Would a rise in the dollar lead to an increase in interest rates?

Would a rise in the dollar lead to an increase in interest rates?

Latin America’s central banks may be forced to extend rate-hike cycles in an effort to prop up battered currencies that threaten financial stability, analysts said. Goldman Sachs Group Inc. in a recent report.

(Why is the dollar sold cheaper in exchange houses?).

The currencies of the region, in particular the Chilean and Colombian pesos, They remain vulnerable to intensifying recession fears, deteriorating economic activity in China (and a subsequent further decline in commodities), or a more hawkish Fed. Alberto Ramos, Goldman’s chief Latin America economist, and colleagues wrote in a research note for investors.

“Central banks will come under pressure to extend already long and deep rate hike cycles, moving monetary stance deeper into contractionary territory, even as growth prospects deteriorate.”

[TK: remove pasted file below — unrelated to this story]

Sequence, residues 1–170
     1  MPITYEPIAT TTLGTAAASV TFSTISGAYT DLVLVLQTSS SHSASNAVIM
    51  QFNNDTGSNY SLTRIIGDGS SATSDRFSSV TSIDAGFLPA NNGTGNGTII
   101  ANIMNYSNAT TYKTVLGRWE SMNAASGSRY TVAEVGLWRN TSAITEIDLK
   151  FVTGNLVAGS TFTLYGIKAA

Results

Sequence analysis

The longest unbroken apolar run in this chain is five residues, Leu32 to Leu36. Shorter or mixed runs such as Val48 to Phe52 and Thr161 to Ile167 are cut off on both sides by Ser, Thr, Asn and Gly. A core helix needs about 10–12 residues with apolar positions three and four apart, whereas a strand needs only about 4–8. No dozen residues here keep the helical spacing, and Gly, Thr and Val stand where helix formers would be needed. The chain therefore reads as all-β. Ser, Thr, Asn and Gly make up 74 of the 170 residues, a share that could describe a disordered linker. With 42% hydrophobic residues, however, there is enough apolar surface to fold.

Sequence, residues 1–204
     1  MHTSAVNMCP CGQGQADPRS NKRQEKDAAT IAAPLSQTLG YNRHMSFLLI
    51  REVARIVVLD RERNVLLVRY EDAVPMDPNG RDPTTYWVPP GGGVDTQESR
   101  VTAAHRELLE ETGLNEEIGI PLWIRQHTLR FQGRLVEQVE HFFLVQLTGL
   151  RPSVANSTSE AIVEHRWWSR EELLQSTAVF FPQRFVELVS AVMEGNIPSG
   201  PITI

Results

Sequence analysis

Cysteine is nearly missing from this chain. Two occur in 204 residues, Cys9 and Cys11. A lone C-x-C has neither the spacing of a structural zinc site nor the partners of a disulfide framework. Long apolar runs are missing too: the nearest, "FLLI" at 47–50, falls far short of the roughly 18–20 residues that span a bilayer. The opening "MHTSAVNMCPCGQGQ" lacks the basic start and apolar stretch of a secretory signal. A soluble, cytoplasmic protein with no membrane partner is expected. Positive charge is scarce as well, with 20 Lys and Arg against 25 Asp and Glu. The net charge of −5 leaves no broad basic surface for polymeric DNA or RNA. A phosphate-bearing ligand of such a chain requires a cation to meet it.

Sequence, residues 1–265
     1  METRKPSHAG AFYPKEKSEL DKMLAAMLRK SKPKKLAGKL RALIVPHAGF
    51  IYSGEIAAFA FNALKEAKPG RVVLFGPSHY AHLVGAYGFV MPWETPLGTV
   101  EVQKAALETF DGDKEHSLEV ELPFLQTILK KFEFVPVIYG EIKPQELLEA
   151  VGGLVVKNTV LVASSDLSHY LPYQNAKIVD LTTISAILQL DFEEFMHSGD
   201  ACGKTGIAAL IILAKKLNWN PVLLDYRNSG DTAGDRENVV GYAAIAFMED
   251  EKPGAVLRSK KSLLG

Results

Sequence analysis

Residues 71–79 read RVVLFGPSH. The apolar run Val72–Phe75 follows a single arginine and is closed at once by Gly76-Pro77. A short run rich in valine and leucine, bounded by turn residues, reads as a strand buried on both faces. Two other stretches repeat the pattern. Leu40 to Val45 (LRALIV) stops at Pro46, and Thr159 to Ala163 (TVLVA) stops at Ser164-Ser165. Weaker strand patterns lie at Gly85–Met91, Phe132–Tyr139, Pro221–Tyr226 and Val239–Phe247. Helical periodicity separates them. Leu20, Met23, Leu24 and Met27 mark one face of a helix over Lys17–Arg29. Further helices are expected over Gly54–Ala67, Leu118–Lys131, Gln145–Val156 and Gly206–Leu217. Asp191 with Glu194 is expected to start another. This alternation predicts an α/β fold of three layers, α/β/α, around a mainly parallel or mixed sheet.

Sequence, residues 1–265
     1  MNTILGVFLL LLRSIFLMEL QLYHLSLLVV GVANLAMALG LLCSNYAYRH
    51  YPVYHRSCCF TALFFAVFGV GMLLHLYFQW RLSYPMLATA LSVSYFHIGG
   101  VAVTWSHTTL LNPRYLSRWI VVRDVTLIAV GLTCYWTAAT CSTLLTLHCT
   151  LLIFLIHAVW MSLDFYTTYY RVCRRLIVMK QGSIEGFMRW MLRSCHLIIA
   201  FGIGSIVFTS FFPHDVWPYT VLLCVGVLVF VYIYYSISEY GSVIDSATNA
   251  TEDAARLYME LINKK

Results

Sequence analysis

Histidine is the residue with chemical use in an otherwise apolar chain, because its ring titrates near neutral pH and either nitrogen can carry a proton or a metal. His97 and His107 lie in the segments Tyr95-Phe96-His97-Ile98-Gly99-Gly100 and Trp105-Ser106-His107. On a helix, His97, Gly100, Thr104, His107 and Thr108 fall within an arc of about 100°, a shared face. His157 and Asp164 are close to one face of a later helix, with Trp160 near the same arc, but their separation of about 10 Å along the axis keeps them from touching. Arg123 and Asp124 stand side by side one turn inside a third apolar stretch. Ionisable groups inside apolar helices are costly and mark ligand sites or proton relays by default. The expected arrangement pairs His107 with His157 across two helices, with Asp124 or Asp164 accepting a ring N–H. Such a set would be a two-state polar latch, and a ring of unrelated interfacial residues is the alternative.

Both the currency of Colombia and Chile reached record lows this month, while Latin American currencies account for five of the eight worst performing emerging market currencies tracked by Bloomberg.

(Dollar in Colombia: how much are they selling it for in exchange houses?).

In the last weeks, currencies have been hit hard by commodity sell-offs as the dollar remains strong and recession fears rise.

In addition to stricter interest rates, central banks may be “justified” to intervene in foreign exchange markets, as Chile has done with an injection of US$25 billion.

The fall “adds additional strength to an already very hot and challenging inflation environment, as a significant and very rapid weakening of the currency will soon feed through to domestic prices and trigger a further unwinding of inflation expectations”they wrote.


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